The ousting of Kevin Rudd: How the global corporations and financial markets rule
4 August 2010
The following is the text of the speech delivered by Nick Beams, Socialist Equality Party national secretary, to an SEP election meeting last Sunday in the electorate of Reid in western Sydney. Beams explained the underlying reasons for the political coup within the Australian Labor Party that ousted former Prime Minister Kevin Rudd.
Beams, who is a member of the International Editorial Board of the World Socialist Web Site, heads the SEP ticket for the Senate in the state of New South Wales. The meeting in Reid was the first in a series organised by the SEP before the August 21 election. Meeting details as well as extensive election coverage can be found here.
One commentator in this morning’s press noted that the turmoil in the Labor Party over the leaks against the Prime Minister Julia Gillard was taking on Shakespearean dimensions.
One can imagine that if William Shakespeare were to return to life and arrive in the midst of this election, he would rapidly become aware, like the rest of us, of the utterly vacuous character of the official campaign.
But this highly perceptive observer of human and social relations would just as quickly recognise that the official palaver was just a screen behind which much more important events were taking place.
He could hardly fail to draw a parallel between the ghost of the murdered Banquo, in his play Macbeth, and the ghost of the politically-deceased Kevin Rudd now haunting Julia Gillard and her fellow conspirators who brought him down in the coup of June 23-24.
And he would quickly pick up the sub-text in the responses by the Labor leaders to the politically poisonous leaks directed against Gillard. The author of Mark Anthony’s famous speech on the death of Julius Caesar, in which he forever added a new dimension to the phrase “an honourable man” by applying it to Caesar’s assassin, Brutus, could hardly fail to notice that Rudd has been pointedly described by both Gillard and her deputy Wayne Swan in the same way. Through gritted teeth they tell us, Kevin Rudd is an “honourable man”.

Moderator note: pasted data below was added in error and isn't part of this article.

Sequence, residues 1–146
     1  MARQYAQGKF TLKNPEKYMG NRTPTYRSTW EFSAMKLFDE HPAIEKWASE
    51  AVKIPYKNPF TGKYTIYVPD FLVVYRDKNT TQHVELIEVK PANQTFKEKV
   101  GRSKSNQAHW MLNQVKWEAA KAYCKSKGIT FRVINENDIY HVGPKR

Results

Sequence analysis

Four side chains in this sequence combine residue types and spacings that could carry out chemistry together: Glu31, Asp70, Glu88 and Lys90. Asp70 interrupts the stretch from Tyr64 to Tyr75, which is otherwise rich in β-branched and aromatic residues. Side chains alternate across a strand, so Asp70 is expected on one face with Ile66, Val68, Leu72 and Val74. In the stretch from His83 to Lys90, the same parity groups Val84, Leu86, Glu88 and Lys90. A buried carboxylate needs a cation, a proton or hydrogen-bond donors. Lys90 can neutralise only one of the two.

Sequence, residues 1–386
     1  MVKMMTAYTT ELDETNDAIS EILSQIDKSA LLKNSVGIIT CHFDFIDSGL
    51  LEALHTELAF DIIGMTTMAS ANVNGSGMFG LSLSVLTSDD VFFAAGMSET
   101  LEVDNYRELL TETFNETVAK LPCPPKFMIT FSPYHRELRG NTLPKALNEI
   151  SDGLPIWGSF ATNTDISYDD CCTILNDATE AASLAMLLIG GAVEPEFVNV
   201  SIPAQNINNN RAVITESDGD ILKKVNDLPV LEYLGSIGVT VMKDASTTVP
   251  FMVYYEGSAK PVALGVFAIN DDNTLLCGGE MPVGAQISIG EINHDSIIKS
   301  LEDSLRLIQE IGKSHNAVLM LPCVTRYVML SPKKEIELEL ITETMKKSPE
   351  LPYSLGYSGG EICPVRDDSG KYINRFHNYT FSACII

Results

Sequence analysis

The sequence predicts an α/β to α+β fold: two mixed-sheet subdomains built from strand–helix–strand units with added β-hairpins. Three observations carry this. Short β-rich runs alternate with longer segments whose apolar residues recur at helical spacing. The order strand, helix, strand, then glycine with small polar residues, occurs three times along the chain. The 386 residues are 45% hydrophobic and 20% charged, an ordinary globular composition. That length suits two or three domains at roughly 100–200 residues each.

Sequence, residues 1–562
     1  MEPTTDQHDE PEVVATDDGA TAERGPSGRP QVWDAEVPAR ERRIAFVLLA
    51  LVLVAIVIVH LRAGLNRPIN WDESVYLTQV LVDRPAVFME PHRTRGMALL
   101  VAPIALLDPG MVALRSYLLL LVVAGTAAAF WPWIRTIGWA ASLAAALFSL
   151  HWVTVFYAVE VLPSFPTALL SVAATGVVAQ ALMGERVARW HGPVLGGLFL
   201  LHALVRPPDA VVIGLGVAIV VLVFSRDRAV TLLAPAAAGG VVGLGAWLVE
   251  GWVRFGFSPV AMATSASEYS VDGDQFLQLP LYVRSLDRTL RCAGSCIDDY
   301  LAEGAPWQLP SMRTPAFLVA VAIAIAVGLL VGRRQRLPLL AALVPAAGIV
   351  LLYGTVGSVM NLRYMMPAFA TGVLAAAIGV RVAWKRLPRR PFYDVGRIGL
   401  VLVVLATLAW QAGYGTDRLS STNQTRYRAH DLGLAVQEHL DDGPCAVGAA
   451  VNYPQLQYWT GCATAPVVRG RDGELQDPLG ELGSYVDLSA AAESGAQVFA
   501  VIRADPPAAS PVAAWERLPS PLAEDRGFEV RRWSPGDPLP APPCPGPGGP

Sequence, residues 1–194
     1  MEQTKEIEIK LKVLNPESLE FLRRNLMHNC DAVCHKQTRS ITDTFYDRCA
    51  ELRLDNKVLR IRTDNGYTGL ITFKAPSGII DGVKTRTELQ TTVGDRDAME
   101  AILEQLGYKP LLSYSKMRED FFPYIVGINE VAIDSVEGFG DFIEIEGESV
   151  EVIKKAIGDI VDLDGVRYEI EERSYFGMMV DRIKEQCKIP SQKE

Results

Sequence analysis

Of course, the events of the coup that ousted Rudd and all that has followed cannot be fitted into the structure of one of Shakespeare’s plays. But we can still learn a thing or two from the master dramatist.
A feature of Shakespeare’s plays, which contributes to their enduring significance, is the way that individuals’ decisions and actions, seemingly providing an answer to pressing problems at one point in time, lead ultimately to their downfall at another, as these decisions and actions become enmeshed in wider social and political relationships. In light of the war that has broken out in the Labor Party, Ms Gillard and her collaborators might well ponder on this.
So far as the coup plotters were concerned, the ousting of Rudd seemed to provide a quick fix to problems faced by the government. The campaign launched by the major mining companies over the Resource Super Profits Tax was a clear directive from some of the most powerful transnational corporations: the Labor government had to be internally re-fashioned and re-organised to meet their demands.
The immediate justifications for the coup were that opinion polls showed a disastrous plunge in the government’s ratings, Rudd’s autocratic style had led to problems in the formulation and implementation of policy, and the Australian people had stopped listening to the prime minister. Summing up these justifications, Gillard explained that the problem was that a good government had “lost its way”.
Of course, as the American Trotskyist James P. Cannon once explained, in his own inimitable style, in politics there is always a good reason and then there’s the real reason. If opinion polls, management styles and personality defects were determining factors, then many more political leaders would have been deposed.
The coup plotters hoped that, having ousted Rudd and re-aligned the government, it would be plain sailing. The media did its best to assist. The first opinion poll published after the ousting of Rudd was greeted with the banner headline “Gillard Saves Labor”. In the week that followed the new government stitched up a deal with the three major mining transnationals—BHP Billiton, Rio Tinto and Xstrata—acceding to their central demands by handing them back tens of billions of dollars, while setting up a committee to draft the mining tax legislation under the leadership of former BHP Billiton chairman Don Argus. In a revealing comment after the agreement, Gillard said that the deal had established a tax that the mining companies had “agreed” to pay. In other words, the mining firms proposed, the government disposed.